Fish require water for survival. Humans and land animals rely on the gaseous form of oxygen. Fish rely on oxygen that is dissolved in water. Their unique gills are filled with blood capillaries that absorb the oxygen from water. This means that fish cannot survive extended periods outside of water. So, does an animal that needs water to live and breathe get thirsty like we do? To answer that question, we need further discuss the relationship between fish and water.
What is Thirst?
What does it mean to be thirsty? The term “thirst” means the urge to drink water. As a human, you are probably very familiar with the feeling of being thirsty. You may notice suddenly feeling thirsty after a long day of work and head straight to the fridge for a bottle of water. Or maybe you just finished a workout and are overcome with the need to down a bottle of ice-cold water. Sometimes the urge to drink water is minimal, while other times, you feel as if you could drink an entire barrel of water. This driving force to drink water is your body’s way of keeping you from becoming dehydrated. Humans, and other land animals, need to actively seek out water to stay appropriately hydrated. Fish live in water. Therefore, they don’t need the conscience thought to drink water simply because it is all around them. Living in water means there is no threat of becoming dehydrated.
Do Fish Drink Water?
Fish have gills that absorb oxygen from water. Does this also mean they don’t need to drink water as we do? The answer to this question is not “yes” or “no,” but depends on the type of fish we are discussing. Freshwater fish don’t need to actively drink water. These fish have a higher salt concentration in their bloodstream than the water they swim in. The amount of water they take in through their gills is enough to keep them appropriately hydrated. If a freshwater fish were to drink water, it would cause its blood to become too diluted, damaging its bodily organs. Saltwater fish run the risk of losing water to their salty environment. This is because seawater has a higher salt content than the fish swimming in it. This requires saltwater fish to process water and salt through their gills and drink water through their mouths to stay hydrated. This regulation of water and salt balance for saltwater and freshwater fish is called osmoregulation.
What is Osmoregulation?
Osmoregulation is the process that regulates the osmotic pressure and electrolyte balance in humans and other animals. Simply put, it maintains the correct amount of salt and water in the body to keep all organs running efficiently. For fish, their gills exchange water and salt with their environment, while their kidneys play an essential role in maintaining the salt levels within the body. This process of osmoregulation happens subconsciously. Meaning humans and animals do this without having to think about it. The process of osmoregulation in saltwater and freshwater fish is slightly different. This is due to the difference in their environments.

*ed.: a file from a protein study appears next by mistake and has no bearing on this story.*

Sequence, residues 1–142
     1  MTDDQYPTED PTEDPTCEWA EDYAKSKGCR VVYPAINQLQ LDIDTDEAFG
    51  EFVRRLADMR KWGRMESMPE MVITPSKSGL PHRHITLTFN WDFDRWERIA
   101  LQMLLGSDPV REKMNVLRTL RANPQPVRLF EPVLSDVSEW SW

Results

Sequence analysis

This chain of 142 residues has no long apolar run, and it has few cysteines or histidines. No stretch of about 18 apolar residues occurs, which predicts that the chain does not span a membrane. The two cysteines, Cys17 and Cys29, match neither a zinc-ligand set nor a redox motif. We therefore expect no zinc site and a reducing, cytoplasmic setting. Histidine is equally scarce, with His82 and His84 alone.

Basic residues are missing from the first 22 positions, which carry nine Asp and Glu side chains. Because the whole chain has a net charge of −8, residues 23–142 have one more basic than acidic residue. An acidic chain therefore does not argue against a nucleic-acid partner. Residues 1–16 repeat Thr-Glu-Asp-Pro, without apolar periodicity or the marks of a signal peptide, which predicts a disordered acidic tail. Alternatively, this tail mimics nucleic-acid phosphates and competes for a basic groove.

Osmoregulation in Freshwater Fish
Osmosis is the flow of water from low salt-concentrated areas to areas of high salt concentrations. For freshwater fish, this means water is constantly trying to move into the fish’s higher salinity body through the fish’s thin skin. Too much water would severely dilute the fish’s blood, causing organ failure and death. This is why freshwater fish don’t drink water and have a unique process of osmoregulation to avoid taking in too much water. The kidneys of a freshwater fish are incredibly efficient and can excrete water at a fast rate. They also reabsorb the salt from the fish’s urine to meet the body’s demands. While the kidneys work hard to pump out the excess water, the fish’s gills are constantly working to pump salts back into the body.
Osmoregulation in Saltwater Fish
Saltwater fish face the opposite problem as freshwater fish. Saltwater fish need to use osmoregulation to keep water in their body rather than losing it to their salty environment. To achieve this goal, a saltwater fish must drink water through its mouth to keep its body balanced and hydrated. A saltwater fish’s kidneys work to remove salt and conserve water. Their gills have specialized salt cells that pump salt into the water and away from the body. A saltwater fish will urinate very little compared to a freshwater fish. This is to conserve as much water as possible.
What About Fish Living in Salt and Freshwater?
Anadromous fish are fish that migrate from the sea into rivers to spawn. These fish are born in freshwater and live most of their lives in saltwater. They will return to freshwater only to spawn. Salmon is a typical example of an anadromous fish. Salmon and other anadromous fish have the unique ability to move salt in the direction they need it to go. They do this by using what is called NKA pumps. These pumps are cell enzymes that move salt in and out of the body’s cell walls. These fish spend time in a “staging area” before completing their migration. This staging area is a mixture of salt and freshwater and gives the fish time to adapt and switch their NKA pumps in the appropriate direction. Once they are ready, they will continue to swim upstream into fresher waters.
So, do Fish Get Thirsty?
To get thirsty, you need to feel the urge to drink water. Saltwater fish drink water only because they constantly use osmoregulation to balance their bodies’ salt and water levels, not necessarily because they are thirsty. Freshwater fish constantly absorb water through their gills and skin due to osmosis, so it’s doubtful they ever feel thirsty. It’s impossible to know if fish feel genuine thirst as humans and animals do. This is because we can never honestly know what a fish thinks or feels. However, most experts agree that due to a fish’s water-filled environment, it’s doubtful they get thirsty.